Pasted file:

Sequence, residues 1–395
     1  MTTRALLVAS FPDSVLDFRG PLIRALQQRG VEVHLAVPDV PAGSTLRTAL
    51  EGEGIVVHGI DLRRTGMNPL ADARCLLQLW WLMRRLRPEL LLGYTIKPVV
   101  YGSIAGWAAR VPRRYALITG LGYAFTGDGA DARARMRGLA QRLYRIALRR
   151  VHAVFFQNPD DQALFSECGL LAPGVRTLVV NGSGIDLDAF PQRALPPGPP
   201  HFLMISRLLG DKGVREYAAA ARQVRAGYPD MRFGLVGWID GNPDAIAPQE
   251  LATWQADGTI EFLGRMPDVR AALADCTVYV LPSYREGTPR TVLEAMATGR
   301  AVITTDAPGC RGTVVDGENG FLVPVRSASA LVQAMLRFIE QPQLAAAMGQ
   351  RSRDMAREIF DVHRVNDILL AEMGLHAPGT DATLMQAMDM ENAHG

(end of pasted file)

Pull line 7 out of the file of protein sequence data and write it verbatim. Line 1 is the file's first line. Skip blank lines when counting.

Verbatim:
   251  LATWQADGTI EFLGRMPDVR AALADCTVYV LPSYREGTPR TVLEAMATGR